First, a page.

You know that you’re getting near the end of a conference when the number of people on the panel is almost as many as the number in the audience. The last session of the day is a breakout, and I attended a panel with Craig Le Clair, Chip Gliedman and a third analyst (George) who was substituted in for Paul Hamerman, but for some reason they had not spent the necessary 10 seconds to update the title slide.
They classify processes into “tamed”, meaning those that are so structured, they’re embedded within packaged applications such as ERP and CRM; and “untamed”, including everything else, including all those processes that we implement in BPMS. I’m not sure that I agree that some of their untamed processes are not structured; rather, a packaged app doesn’t provide the right degree of flexibility, or the market for the process is small enough that there isn’t a packaged app to deal with that process.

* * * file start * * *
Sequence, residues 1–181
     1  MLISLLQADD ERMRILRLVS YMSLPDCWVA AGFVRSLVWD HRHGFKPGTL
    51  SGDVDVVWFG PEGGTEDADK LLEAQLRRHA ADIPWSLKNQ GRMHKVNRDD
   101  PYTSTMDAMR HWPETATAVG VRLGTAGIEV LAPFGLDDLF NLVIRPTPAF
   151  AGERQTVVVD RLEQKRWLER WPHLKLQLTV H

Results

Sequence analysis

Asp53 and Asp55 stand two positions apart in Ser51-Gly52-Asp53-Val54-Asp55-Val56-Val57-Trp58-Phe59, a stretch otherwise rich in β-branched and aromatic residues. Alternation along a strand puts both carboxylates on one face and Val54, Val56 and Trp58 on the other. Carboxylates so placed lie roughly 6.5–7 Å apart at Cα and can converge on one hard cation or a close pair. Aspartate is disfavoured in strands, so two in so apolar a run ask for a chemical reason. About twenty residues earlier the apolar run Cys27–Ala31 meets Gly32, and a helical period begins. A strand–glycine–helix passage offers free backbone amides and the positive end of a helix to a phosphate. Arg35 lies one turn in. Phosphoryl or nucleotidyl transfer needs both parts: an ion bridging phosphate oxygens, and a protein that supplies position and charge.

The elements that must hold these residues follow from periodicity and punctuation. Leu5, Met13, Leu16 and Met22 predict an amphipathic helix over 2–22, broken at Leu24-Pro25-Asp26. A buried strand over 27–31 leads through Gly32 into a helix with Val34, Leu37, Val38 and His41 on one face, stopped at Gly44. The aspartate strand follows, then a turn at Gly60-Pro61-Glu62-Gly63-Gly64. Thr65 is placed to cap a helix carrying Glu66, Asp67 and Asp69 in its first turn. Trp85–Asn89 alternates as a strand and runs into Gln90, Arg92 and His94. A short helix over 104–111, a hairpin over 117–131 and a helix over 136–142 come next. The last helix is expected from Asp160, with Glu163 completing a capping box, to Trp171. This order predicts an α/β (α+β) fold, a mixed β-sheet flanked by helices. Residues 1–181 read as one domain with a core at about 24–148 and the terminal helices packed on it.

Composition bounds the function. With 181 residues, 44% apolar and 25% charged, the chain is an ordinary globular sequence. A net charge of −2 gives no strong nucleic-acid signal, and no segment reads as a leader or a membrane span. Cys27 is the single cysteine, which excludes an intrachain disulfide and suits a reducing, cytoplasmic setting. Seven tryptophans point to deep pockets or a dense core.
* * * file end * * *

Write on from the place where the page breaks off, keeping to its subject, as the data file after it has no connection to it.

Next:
Forrester has an interesting format for this type of panel, where each of the analysts takes on a persona and a set of opinions that I don’t think necessarily represents their own opinions: although I like the light-hearted back and forth conversational manner, this has too much of the air of a high school debate club where anyone can argue any side as required rather than analysts who actually hold opinions on this subjects. I found this one to be too distracting to focus on the content.
That’s it for the Forrester Business Technology Forum; all in all, a lot of great content in a fast-paced two days. There could have been more on Lean business process improvement rather than Lean software process improvement, especially considering that half of the vendors in the showcase were BPMS vendors, but I still gained a lot of value from the conference.